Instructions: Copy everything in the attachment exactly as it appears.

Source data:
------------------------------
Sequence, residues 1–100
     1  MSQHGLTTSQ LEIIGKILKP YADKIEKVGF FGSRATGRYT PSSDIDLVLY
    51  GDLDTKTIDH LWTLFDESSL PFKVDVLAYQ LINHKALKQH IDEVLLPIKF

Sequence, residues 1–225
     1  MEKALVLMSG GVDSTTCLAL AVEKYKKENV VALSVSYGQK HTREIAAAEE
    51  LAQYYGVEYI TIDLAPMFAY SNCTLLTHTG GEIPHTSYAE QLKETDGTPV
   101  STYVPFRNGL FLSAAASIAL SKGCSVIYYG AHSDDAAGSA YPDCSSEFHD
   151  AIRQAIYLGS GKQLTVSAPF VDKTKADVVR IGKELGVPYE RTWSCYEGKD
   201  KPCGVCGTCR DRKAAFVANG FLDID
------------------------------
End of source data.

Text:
Sequence, residues 1–100
     1  MSQHGLTTSQ LEIIGKILKP YADKIEKVGF FGSRATGRYT PSSDIDLVLY
    51  GDLDTKTIDH LWTLFDESSL PFKVDVLAYQ LINHKALKQH IDEVLLPIKF

Sequence, residues 1–225
     1  MEKALVLMSG GVDSTTCLAL AVEKYKKENV VALSVSYGQK HTREIAAAEE
    51  LAQYYGVEYI TIDLAPMFAY SNCTLLTHTG GEIPHTSYAE QLKETDGTPV
   101  STYVPFRNGL FLSAAASIAL SKGCSVIYYG AHSDDAAGSA YPDCSSEFHD
   151  AIRQAIYLGS GKQLTVSAPF VDKTKADVVR IGKELGVPYE RTWSCYEGKD
   201  KPCGVCGTCR DRKAAFVANG FLDID